'That's A Clown Question, Bro' Or The Rhetorical Comeback Rounding Twitter
If Twitter has its way, "That's a clown question, bro" will join "Don't tase me, bro" in the annals of popular rhetorical comebacks.
"That's a clown question, bro" comes from 19-year-old baseball phenom Bryce Harper. That's what he told a Canadian journalist yesterday, following his second three-hit game in a row.
The journalist asked the Nationals' Harper if he was going to celebrate by drinking a beer, being that the legal drinking age in Canada is 19.
Harper, who is Mormon, rolled his eyes and said, "I'm not going to answer that. That's a clown question, bro."
In truth, the phrase is much funnier in print and removed from the context, as you'll see in this video:
But that hasn't stopped Twitter. The phrase has ignited debate. There is a T-shirt now. And many have noted that in a confrontational interview today, NBA Commissioner David Stern should have resorted to the Harperism.
Instead, when Jim Rome asked Stern, "Was the fix in for the [NBA] lottery?" He replied, "Have you stopped beating your wife yet?" an answer that called into question the trickery of the phrasing.
Chris Moody, a political reporter for Yahoo!, tweets:
"Jay Carney didn't say "that's a clown question, bro" during today's WH presser. This is how I feel about that: http://bit.ly/NfSdKU"
We'll note that unlike "Don't tase me, bro." the Harperism has not gotten an entry on Urbandictionary.com.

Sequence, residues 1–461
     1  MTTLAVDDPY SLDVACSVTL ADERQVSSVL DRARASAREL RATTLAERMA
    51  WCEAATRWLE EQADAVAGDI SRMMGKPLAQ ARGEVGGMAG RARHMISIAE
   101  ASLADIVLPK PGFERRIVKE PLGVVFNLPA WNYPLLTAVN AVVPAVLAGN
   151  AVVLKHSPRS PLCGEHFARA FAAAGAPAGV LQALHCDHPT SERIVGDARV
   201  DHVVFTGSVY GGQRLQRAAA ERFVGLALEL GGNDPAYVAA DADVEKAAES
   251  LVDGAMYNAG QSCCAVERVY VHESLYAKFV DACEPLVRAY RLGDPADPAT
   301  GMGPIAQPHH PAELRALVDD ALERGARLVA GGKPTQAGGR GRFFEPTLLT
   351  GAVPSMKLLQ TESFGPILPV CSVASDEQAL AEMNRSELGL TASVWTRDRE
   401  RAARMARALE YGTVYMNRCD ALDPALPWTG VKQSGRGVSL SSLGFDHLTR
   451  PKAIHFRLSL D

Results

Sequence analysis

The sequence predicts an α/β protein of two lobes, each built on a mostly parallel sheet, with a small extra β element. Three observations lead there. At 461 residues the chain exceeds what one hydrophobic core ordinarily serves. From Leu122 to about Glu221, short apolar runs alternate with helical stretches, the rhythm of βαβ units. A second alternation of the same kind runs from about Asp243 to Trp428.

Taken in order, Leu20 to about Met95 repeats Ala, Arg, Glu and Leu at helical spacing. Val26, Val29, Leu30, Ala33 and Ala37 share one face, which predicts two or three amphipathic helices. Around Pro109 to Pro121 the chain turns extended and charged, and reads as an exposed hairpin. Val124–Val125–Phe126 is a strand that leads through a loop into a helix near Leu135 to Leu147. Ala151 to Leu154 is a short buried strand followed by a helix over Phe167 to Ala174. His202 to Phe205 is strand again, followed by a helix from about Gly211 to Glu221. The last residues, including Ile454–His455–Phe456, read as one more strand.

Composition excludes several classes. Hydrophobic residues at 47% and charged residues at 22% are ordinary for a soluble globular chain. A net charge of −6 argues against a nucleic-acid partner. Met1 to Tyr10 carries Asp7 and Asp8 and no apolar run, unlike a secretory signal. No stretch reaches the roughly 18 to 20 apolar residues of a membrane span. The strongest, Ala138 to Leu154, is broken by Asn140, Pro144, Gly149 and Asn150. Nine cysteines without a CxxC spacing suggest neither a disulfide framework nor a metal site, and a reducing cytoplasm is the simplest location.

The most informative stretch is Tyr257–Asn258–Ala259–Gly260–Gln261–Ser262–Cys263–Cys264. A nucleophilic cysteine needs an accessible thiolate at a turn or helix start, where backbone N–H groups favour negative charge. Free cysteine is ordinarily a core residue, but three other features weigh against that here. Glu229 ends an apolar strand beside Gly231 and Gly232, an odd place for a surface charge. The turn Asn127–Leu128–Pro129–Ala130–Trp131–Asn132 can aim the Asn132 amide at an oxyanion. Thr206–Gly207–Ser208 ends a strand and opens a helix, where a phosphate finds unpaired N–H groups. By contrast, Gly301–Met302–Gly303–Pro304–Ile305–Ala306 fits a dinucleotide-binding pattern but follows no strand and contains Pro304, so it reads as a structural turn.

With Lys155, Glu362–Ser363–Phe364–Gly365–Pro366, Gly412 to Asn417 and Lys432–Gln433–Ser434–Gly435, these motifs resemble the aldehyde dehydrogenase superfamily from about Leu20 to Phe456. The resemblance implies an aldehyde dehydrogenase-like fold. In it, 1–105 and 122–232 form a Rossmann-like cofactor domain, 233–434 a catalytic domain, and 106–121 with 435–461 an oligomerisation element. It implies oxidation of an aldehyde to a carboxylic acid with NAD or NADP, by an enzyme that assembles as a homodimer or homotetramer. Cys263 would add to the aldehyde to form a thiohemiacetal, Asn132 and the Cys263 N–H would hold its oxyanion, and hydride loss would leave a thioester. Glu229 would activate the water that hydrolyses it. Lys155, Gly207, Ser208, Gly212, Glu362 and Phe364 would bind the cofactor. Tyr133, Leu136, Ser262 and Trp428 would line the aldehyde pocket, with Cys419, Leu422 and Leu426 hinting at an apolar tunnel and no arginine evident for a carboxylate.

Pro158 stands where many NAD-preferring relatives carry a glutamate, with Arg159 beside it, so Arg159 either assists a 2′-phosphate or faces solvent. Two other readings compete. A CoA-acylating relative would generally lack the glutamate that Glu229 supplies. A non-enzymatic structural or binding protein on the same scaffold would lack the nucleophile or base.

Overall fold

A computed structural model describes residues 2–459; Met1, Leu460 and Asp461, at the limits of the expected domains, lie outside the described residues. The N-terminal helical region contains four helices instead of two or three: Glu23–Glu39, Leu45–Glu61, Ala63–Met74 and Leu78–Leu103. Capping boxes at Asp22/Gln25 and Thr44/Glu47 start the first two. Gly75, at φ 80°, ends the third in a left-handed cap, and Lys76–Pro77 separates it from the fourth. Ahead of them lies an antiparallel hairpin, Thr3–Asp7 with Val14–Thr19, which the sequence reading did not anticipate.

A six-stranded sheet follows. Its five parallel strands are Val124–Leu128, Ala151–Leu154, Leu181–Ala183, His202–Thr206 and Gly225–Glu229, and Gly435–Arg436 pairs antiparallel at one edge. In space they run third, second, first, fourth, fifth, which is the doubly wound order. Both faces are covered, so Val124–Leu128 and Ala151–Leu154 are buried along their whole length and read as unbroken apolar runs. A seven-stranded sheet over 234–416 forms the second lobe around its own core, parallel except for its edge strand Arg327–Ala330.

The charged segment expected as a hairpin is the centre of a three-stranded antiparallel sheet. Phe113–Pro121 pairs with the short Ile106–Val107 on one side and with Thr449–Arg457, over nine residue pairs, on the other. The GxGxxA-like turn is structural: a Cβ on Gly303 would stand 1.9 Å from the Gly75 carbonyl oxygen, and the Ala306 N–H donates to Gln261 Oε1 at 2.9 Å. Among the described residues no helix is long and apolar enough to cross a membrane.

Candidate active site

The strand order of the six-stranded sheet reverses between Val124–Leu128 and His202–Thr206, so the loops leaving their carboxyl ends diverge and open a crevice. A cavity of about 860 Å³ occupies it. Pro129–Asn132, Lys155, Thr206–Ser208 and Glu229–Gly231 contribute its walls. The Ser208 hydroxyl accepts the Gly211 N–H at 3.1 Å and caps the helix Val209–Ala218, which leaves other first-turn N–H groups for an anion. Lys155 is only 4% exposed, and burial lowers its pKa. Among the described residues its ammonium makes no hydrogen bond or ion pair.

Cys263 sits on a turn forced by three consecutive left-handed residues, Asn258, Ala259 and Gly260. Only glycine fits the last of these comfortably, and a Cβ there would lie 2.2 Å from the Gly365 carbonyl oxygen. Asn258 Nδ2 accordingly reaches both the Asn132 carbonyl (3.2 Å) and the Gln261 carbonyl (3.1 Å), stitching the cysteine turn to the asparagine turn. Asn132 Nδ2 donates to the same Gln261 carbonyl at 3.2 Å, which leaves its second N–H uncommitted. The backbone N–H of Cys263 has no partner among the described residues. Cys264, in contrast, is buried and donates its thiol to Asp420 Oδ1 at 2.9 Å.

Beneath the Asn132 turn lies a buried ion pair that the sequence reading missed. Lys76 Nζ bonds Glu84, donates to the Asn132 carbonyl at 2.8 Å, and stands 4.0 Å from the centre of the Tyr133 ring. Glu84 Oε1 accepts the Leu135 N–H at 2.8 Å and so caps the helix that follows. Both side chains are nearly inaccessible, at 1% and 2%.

MELISSA BLOCK, HOST:
One more exchange that's getting a lot of attention online comes courtesy of Major League Baseball's newest phenom, the Washington National's 19-year-old star outfielder Bryce Harper.
AUDIE CORNISH, HOST:
Last night in Toronto, Harper hit a towering home run against the hometown Blue Jays. It traveled some 450 feet before ricocheting loudly off the side of a stadium restaurant.
BLOCK: While that hit has landed on countless online highlight reels, what's really getting people's attention is what Bryce Harper said afterward in the locker room. He was asked by a reporter if he would enjoy a celebratory beer in Toronto, where the drinking age is only 19. He refused to answer, saying...
BRYCE HARPER: That's a clown question, bro.
CORNISH: It goes by pretty fast so let's play that again.
HARPER: That's a clown question, bro.
CORNISH: And those few simple words: That's a clown question, bro, have gone truly viral.
BLOCK: While it might be taken as an affront to the clown community, we want to make one thing clear: the president of the World Clown Association is not offended.
JOYCE PAYNE: My name is Joyce Payne. I perform professionally as Joy The Magic Clown.
CORNISH: And Joy The Magic Clown knows a thing or two about real clown questions.
PAYNE: Is that you really hair? Where did you get your shoes? Are you a real clown? Clowns are creative people. We can answer any way we want.
BLOCK: So, to be clear, Bryce Harper and the clowns of the world are on the same team. Transcript provided by NPR, Copyright NPR.